T cells in Autoimmune Disease

Adkins & Roopenian Spotlight

Derry Roopenian & Elisabeth Adkins and spleens from normal mice and mice with lupus

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The primary purpose of the immune system is to provide organisms with a critical line of defense against foreign infectious agents, such as bacteria and viruses. When operating normally, this highly complex system is able to discern infected cells from the organism's own healthy tissues. However, autoimmune diseases can arise when the immune system looses the ability to discriminate foreign from self and attacks normal tissues. Genetics PhD student Elisabeth Adkins and her adviser, Derry Roopenian, PhD seek to understand how a key cell type – T-follicular helper (TFH) ¬ cells – fit into normal immunity and autoimmune diseases.

TFH cells are a specialized activated CD4+ T helper cells that are only partially understood. Their most active product is the cytokine, Interleukin 21 (IL21), which potently drives B cells to proliferate, differentiate and secrete antibodies. Under normal conditions, these antibodies provide protective immunity to infections. However, research in mouse models and human patients with certain autoimmune diseases has revealed increased activity of TFH. This research shows that TFH cells, largely through their production of IL21, cause B cells to produce autoantibodies that attack the patients own tissues and cause severe disease symptoms.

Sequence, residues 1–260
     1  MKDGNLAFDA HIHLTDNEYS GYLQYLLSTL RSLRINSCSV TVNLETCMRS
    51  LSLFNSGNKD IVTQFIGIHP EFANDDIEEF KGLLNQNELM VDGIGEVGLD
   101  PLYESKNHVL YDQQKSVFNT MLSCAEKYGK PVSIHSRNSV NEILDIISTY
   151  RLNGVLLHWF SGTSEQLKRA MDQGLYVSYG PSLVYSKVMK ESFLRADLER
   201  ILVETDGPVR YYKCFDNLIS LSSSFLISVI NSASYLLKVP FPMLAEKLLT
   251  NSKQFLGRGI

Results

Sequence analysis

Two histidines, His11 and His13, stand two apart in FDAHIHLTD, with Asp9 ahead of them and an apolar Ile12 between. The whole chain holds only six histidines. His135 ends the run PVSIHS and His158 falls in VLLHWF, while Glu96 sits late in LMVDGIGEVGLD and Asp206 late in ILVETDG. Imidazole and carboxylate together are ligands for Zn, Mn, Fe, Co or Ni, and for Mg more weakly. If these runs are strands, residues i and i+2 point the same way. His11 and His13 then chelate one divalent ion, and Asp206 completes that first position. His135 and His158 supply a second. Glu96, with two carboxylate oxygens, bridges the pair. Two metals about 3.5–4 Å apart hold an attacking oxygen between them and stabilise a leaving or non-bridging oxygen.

Elisabeth's first research goal is to fill a major gap in our current knowledge: the mechanisms by which TFH develop and produce IL21 under normal non-disease conditions. She has been utilizing an IL21-reporter mouse model in which IL21 is revealed by sensitive fluorescent techniques. This model allows her to readily track cells expressing IL21. Through this work she has identified a novel IL21 expressing population that represents the earliest precursors of TFH. She has termed these precursors nascent TFH. Her work is now applying a variety of approaches to define the genes and pathways that regulate the development of nascent TFH and how they differentiate into fully functional mature TFH cells.

Elisabeth's second goal is to understand how the normal development of TFH and their production of IL21 is altered in the autoimmune diseases systemic lupus erythematosus (SLE) and rheumatoid arthritis (RA), in which TFH and IL21 may play a critical role. Using mouse models for SLE and RA, she has found that IL21-producing TFH are greatly increased and required for disease development. Elisabeth is now testing the hypothesis that this increase is caused by the loss of regulatory constraints that normally limit nascent TFH cells and their differentiation to pathological mature TFH cells. Her ultimate goal is to define the genetic and cellular mechanisms through which TFH cause autoimmune diseases and use this information to identify new therapeutic interventions that regulate this process.

Elisabeth is a member of JAX track within the Genetics program and is conducting her thesis work at The Jackson Laboratory in Bar Harbor, ME. 

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